ByKevin L. Kliesen
Escalating oil and commodity prices, a sharp contraction in the housing market, and recent financial market turbulence have increased the odds of a recession this year, according to most forecasters. A return to trend-like real GDP growth (3 percent) toward the middle of 2009 seems the most likely scenario, but recent stimulative actions undertaken by the monetary and fiscal authorities could provide a kick-start to growth in the second half of 2008. However, a quicker rebound, while welcome, might also exacerbate the upward pressure on inflation, which in 2007 was at its highest rate in 17 years, as well as on inflation expectations.
Measures of actual and expected consumer price index (CPI) inflation have risen sharply since late last year. This development stems mostly from the extraordinary increases in crude oil and commodity prices. Six months ago, the CPI was expected to increase by about 2.25 percent this year after increasing 4.2 percent last year. But in the first quarter of this year, CPI increased at about a 4.25 percent rate.
With oil prices skyrocketing to more than $135 per barrel in May, average U.S. retail gasoline prices rose to nearly $4 per gallon. The summer driving season is expected to put some additional upward pressure on prices. Moreover, in April the food component in the CPI had increased by more than 5 percent from a year earlier—its largest increase since late 1990. Thus, it is conceivable that the inflation rate will remain high in the second and third quarters of 2008. In its May report, the Survey of Professional Forecasters (SPF) expects that the CPI will increase by a little more than 3.25 percent in 2008.
Forecasters and the FOMC remain hopeful that the sharp increase in food and energy prices will not worsen the inflation expectations of households, firms and financial market participants. Keeping inflation expectations low and stable is a key pillar of a successful monetary policy. At this juncture, the evidence is mixed. On the one hand, expected inflation over the next 12 months rose to more than 5 percent in May, according to the University of Michigan consumer sentiment survey. This level was the highest in the survey since 1982. On the other hand, the average yield on inflation-sensitive 10-year U.S. Treasury securities remains below 4 percent, and SPF’s forecasts of inflation over the next 10 years have been exceptionally stable at about 2.5 percent for more than a decade.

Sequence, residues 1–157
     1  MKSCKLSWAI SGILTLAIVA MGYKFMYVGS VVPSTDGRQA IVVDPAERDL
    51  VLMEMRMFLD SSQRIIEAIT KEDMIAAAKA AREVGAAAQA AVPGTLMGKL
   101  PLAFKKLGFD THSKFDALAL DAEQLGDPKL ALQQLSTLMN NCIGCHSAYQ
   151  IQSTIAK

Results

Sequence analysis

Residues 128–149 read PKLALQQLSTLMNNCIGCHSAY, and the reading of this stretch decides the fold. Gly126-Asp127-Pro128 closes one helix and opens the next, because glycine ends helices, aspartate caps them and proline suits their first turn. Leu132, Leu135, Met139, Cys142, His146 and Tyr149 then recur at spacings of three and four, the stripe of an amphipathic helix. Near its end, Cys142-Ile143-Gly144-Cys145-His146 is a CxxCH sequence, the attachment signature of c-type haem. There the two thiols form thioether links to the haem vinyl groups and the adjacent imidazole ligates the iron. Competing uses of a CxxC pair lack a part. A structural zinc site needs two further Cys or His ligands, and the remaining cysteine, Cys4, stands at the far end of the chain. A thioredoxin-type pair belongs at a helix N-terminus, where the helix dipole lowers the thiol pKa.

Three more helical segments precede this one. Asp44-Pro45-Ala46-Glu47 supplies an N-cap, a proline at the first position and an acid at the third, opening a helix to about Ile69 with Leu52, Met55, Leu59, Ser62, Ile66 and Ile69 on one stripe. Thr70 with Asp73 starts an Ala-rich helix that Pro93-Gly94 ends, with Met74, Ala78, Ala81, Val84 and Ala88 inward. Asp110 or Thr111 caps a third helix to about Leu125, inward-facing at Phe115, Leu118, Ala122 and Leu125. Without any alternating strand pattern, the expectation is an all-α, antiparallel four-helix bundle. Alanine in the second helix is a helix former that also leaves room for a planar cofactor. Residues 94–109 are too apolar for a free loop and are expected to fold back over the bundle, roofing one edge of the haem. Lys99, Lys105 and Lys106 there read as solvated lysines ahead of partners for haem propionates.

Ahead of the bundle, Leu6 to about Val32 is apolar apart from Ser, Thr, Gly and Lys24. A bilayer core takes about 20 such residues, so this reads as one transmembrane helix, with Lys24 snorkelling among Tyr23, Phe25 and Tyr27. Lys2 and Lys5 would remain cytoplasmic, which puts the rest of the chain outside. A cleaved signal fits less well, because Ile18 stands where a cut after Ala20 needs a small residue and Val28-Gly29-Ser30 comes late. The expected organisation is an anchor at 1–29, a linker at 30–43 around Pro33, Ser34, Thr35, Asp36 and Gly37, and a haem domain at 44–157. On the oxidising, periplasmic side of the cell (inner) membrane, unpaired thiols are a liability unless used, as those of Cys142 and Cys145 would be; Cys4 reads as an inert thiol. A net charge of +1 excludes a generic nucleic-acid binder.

Housing continues to exert a sizable drag on real GDP growth. Rising foreclosure rates, exceptionally high levels of unsold new and existing homes, continued declines in house prices, and lack of financing in the nontraditional mortgage market suggest that the housing slowdown has a ways to go.
The SPF projects that real residential fixed investment will continue to decline through the first quarter of next year, but some in the housing industry are even more pessimistic. Since housing’s peak in the fourth quarter of 2005, real GDP growth has averaged 2.4 percent per quarter, whereas the contribution from real residential fixed investment has averaged –0.9 percentage points per quarter. Hence, a silver lining is that real GDP growth excluding housing has averaged about 3.25 percent during this two-year period. Nevertheless, labor market conditions have deteriorated noticeably this year. Over the first four months, nonfarm payroll employment has declined by an average of 65,000 per month.
To help counter the fallout from the housing bust, the Federal Reserve has taken two major steps. First, it enacted several new forms of direct lending to financial institutions; this lending is designed to counter strains in the financial markets and to assist depository institutions that may not have an adequate amount of financial capital to lend to credit-worthy customers. Second, the FOMC has reduced its target rate for federal funds from 5.25 percent to 2 percent since August. These stimulative actions, by and large, will not produce an immediate payoff.
All in all, increasing energy prices will likely impart further downward pressure on the growth of real household income and expenditures, and, thus, also business sales, earnings and capital outlays for the remainder of this year. These drags on economic growth—financial, housing and oil—have increased the risk of a recession this year. Although the recently passed fiscal stimulus package may provide a modest, albeit temporary, boost to growth, forecasters and the FOMC expect real GDP growth this year to be 1 percent or less.
Kevin L Kliesen